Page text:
911 dispatcher honored at police awards

Dozens are recognized in Glen Burnie ceremony

Anne Arundel

May 19, 2002|By Laura Barnhardt | Laura Barnhardt,SUN STAFF

For more than a decade as a dispatcher in Anne Arundel County's 911 center, Rosemary Brewster has worked with police officers. Now she has been honored as if she were one of them.

When she was presented the Chief's Award for Job Excellence, Brewster received a standing ovation from the officers she has directed to traumatized victims, guided to crime scenes, and cheered up during shifts that seemed never to end.

"It doesn't matter when I call in for an update, Rosemary is always pleasant and cheerful. Even in the midst of chaotic situations, she always asks how you are," said Chief P. Thomas Shanahan.

Police say Brewster has a knack for quickly establishing a rapport with those who call 911. Shanahan called her the "go-to person" in the communications room.

"No matter what's happening," he said, "she's unfazed."

During a ceremony Thursday evening at Michael's Eighth Avenue in Glen Burnie, Brewster walked to the podium to receive an award that usually goes to a veteran police officer. She had tears in her eyes as the entire room rose in a crescendo of applause.

"It's the only time I've ever seen her shaken," the chief said.

Brewster, 53, of Glen Burnie began her career as a 911 operator in Howard County in 1987, two years before she joined the Anne Arundel County department.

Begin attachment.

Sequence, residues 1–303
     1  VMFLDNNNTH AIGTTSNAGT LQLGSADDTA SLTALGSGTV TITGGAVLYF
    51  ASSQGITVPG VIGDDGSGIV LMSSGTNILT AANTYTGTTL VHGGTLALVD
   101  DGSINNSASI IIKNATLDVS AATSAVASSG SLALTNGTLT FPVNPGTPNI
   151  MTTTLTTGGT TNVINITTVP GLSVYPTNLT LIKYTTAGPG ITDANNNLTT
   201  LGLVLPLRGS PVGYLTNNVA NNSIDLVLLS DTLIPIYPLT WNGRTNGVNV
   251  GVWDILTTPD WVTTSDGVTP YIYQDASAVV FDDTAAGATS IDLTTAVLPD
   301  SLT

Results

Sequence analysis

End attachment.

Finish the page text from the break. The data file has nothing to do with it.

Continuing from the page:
Raised in Odenton and Glen Burnie, Brewster is the mother of three and a grandmother who says she enjoys the work because it involves helping people.

"I just love it," she said. "I was so surprised to receive the award."

Brewster also was recognized for persuading a suicidal man who had previously threatened to shoot police to surrender to officers last year. But the main reason she was chosen for the top honor was her consistent performance, Shanahan said.

"For the chief's award, I like to choose people who haven't just had a good year, but who have had many years of solid performance," he said. "It's for those who give 100 percent all the time, no matter what. And that's what Rosemary does."

Brewster was among several dozen who received awards, including seven officers given the Silver Star for bravery.

One officer, Brett Blacker, was being honored at a ceremony held by the Annapolis Fire Department at the same time he was recognized by the Police Department for helping to rescue a man from a fiery crash last winter on Bay Ridge Drive. Blacker suffered burns as he tried to pull the man out of the car, police said.

Officer Brad Rattell was recognized for helping to save an infant by performing cardiopulmonary resuscitation. Other officers received awards for solving a rash of car thefts and shutting down drug operations.

The midnight shifts in Southern and Northern districts, the tactical patrol unit in Western District and several investigative divisions, including the auto theft and homicide squads, received unit citations for overall performance.

Nearly a dozen civilians received awards for a range of services, from helping to capture bank robbers to helping save accident victims.

Baltimore Sun Articles
Please note the green-lined linked article text has been applied commercially without any involvement from our newsroom editors, reporters or any other editorial staff.